Scotland's Story - H. E. Marshall




John Baliol—The Last of Toom Tabard

Berwick was taken, but instead of yielding, the people made Baliol send a letter to Edward saying he would not come to do homage, as he was ordered to do.

'Ah, the foolish traitor,' cried Edward when he read the letter, 'what folly is this? Since he will not come to us, we will go to him.'

And so he went, fighting battles and taking towns all the way. Town after town, castle after castle, fell before Edward and his victorious army. The great lords and barons knelt to him as their master. There seemed no help for it. They must yield, or die.

At last, at Montrose, Edward and Baliol met again. And there Baliol, forgetting his proud words, came to Edward, begging for pardon. With no crown upon his head, with no royal robes about his shoulders, with neither sword nor sceptre, but clad in a plain dark dress like a penitent, and carrying a white wand in his hand, he came. Standing before his master he confessed that he had been led away by evil counsels, he gave up his right to the throne of Scotland, and put himself into the hands of Edward.

Edward, strong and stern, and filled with contempt for so weak a man, sent both Baliol and his son prisoner to England. A few years later Baliol was allowed to go to France. There, on his own lands, he lived quietly till he died. In Scotland's story we have no more to do with this weak-spirited King. His own people called him Toom Tabard, which means empty coat, because he looked rather fine in his splendid robes, but there was neither courage nor manhood in him. And for many years to come Scotland suffered for his weakness and folly.

Now that Baliol was no longer king, Robert Bruce thought that the time for which he had hoped had come. He thought that he should now be king. But Edward had no mind to give up what he had won. 'Have we nothing, think you, to do, but to conquer kingdoms and give them to you?' he asked scornfully, and Robert Bruce went back to his own lands sad and angry.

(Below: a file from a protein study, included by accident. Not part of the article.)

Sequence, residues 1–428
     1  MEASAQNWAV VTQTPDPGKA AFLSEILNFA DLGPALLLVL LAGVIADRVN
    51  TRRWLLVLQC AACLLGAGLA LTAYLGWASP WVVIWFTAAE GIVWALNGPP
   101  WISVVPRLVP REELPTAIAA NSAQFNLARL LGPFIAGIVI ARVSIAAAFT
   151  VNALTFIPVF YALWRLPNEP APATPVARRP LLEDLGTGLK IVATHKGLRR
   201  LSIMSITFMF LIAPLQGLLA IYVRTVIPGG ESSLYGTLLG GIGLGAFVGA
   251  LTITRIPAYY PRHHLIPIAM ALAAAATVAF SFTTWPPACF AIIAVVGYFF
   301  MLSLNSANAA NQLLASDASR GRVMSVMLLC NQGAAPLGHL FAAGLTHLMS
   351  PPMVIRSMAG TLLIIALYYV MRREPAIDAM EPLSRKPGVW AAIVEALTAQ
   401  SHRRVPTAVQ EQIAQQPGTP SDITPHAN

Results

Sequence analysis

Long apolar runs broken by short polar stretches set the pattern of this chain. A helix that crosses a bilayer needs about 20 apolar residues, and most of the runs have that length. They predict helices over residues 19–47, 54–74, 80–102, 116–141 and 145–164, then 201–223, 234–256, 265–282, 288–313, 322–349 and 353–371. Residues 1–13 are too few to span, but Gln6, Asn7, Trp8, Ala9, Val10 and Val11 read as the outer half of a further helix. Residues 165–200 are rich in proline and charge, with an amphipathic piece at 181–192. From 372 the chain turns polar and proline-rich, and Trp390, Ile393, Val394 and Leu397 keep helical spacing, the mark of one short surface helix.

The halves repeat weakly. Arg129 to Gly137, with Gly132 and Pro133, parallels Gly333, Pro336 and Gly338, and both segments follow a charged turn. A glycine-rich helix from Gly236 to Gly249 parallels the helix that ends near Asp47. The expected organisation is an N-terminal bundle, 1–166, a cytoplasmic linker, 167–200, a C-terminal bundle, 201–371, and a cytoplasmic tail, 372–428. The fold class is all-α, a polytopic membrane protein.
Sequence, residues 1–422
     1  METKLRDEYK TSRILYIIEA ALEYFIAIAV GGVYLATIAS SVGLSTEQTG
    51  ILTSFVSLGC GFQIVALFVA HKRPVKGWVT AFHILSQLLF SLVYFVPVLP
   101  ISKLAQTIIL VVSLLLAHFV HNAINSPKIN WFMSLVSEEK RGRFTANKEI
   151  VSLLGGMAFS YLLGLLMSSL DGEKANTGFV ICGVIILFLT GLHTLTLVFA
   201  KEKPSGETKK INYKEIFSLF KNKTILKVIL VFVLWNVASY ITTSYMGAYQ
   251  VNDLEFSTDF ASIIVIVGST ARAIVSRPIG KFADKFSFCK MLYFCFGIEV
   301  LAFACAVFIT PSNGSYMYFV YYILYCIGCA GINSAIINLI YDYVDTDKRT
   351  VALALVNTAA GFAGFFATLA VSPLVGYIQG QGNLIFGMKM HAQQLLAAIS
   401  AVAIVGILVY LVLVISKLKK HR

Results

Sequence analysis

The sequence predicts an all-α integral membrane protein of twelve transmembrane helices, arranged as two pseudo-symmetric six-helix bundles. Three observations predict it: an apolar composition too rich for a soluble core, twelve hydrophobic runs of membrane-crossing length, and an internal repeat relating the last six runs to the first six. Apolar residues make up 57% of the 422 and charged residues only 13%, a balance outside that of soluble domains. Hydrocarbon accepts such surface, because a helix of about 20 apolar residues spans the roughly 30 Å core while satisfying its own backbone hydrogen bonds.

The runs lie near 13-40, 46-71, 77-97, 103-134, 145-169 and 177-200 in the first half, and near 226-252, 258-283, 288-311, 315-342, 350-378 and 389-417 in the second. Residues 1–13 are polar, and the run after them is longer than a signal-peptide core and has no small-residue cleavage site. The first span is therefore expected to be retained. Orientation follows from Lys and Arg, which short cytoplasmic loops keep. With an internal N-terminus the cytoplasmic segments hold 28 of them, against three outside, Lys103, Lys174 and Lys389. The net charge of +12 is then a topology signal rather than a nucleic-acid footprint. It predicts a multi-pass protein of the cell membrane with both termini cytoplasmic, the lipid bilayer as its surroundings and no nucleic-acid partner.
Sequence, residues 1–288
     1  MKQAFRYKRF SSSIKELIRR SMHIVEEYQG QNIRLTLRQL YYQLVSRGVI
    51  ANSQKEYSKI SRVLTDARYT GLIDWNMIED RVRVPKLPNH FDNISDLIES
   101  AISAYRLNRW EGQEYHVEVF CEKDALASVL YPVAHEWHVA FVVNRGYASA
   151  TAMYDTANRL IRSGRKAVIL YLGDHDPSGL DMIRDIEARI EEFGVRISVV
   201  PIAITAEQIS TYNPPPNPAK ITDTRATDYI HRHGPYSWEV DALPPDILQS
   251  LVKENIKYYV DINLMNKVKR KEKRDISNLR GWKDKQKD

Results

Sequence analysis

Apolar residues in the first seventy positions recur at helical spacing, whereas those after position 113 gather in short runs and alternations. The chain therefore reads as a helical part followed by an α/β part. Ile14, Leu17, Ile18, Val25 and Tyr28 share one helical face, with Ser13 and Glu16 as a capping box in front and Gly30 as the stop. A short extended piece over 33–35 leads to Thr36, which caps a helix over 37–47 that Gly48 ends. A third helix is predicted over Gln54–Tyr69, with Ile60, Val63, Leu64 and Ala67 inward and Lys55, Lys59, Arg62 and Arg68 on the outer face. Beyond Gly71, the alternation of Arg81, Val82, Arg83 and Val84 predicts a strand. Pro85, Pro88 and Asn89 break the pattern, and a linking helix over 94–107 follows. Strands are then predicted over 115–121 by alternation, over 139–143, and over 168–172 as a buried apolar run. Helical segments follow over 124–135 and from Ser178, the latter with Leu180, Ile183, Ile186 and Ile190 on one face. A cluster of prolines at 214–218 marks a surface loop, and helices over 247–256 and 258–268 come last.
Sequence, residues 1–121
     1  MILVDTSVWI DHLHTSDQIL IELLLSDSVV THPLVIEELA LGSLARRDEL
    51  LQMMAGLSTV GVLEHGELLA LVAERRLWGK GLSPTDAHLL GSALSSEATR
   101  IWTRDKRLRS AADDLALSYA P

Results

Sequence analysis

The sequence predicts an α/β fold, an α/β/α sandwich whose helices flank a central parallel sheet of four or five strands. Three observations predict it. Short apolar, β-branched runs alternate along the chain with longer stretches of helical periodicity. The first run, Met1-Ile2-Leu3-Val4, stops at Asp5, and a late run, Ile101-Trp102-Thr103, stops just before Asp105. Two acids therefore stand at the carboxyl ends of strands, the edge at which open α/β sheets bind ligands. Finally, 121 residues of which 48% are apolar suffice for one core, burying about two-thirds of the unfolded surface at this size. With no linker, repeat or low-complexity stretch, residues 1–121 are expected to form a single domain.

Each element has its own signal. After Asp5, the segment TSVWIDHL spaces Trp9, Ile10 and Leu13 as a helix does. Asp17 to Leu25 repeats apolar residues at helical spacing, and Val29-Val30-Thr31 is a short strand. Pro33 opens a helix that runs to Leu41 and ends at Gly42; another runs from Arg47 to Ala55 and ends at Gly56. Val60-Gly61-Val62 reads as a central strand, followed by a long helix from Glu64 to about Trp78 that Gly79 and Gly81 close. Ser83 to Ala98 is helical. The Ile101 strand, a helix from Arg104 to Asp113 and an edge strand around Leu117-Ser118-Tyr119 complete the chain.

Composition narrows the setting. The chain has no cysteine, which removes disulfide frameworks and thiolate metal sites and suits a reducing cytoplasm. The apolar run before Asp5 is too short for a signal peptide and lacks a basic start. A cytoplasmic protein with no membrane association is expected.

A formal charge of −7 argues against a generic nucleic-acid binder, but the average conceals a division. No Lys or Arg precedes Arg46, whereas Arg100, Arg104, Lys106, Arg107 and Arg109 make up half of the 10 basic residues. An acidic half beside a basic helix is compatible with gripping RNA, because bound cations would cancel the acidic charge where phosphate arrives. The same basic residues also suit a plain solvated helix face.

Edward placed English governors over Scotland, filled the Scottish castles with English soldiers; then, thinking that he had subdued the people, he went home.

He took with him many things which were dear and sacred to the hearts of Scotsmen. Among these was the Stone of Destiny, which has remained in England ever since. It is now in Westminster, and it is used whenever a British King is crowned. It is said too that Edward caused to be taken away and destroyed many old books and records of Scotland. He did this so that the people might be made the more easily to forget their ancient freedom and become his willing subjects.

But all these things he did in vain.



Contents

Front Matter

The Story of Prince Gathelus
A Fight with the Romans
The March of the Romans
The Story of Saint Columba
French and Scot Allies
The Last of the Picts
A Ploughman Wins a Battle
Macbeth and Three Sisters
The Murder of Banquo
Thane of Fife went to England
Birnam Wood at Dunsinane
Malcolm Canmore
Saint Margaret of Scotland
The Story of Pierce-Eye
Donald Bane and Duncan
Alexander I—The Fierce
Battle of the Standard
William I—the Lion
Alexander II
Alexander III is Crowned
The Taming of the Ravens
A Lady and a Brave Knight
How the King Rode Home
The Maid of Norway
The Siege of Berwick
The Last of Toom Tabard
Adventures of William Wallace
The Black Parliament of Ayr
The Battle of Stirling Bridge
The Battle of Falkirk
The Turning of a Loaf
How the Bruce Struck a Blow
How the King was Crowned
If at First you don't Succeed
The King Tries Again
The Fight at the Ford
The Bruce Escapes
The Taking of Perth
How Two Castles Were Won
Castle of Edinburgh is Taken
How de Bohun Met his Death
The Battle of Bannockburn
How the Scots Carried the War
The Heart of the King
The Story of Black Agnes
Battle of Neville's Cross
French/Scots War with England
The Battle of Otterburn
A Fearful Highland Tournament
The Duke of Rothesay
The Battle of Harlaw
The Scots in France
Beautiful Lady of the Garden
The Poet King
The Black Dinner
Fall of the Black Douglases
The Story of the Boyds
How a Mason Became an Earl
The Battle of Sauchieburn
A Great Sea Fight
The Thistle and Rose
Flodden Field
Fall of the Red Douglases
Story of Johnnie Armstrong
The Goodman of Ballengiech
King of the Commons
Mary Queen of Scots
Darnley and Rizzio
Mary and Bothwell
The Queen Made Prisoner
King's Men and Queen's Men
Death of Two Queens
New Scotland
The King and the Covenant
The Soldier Poet
How the Soldier Poet Died
For the Crown
How the King was Restored
The Church among the Hills
A Forlorn Hope
The Battle of Killiecrankie
Glen of Weeping
Fortune's Gilded Sails
How the Union Jack was Made
For the King over the Water
Story of Smugglers
Prince Charles Came Home
Wanderings of Prince Charles
A Greater Conqueror
God Save the King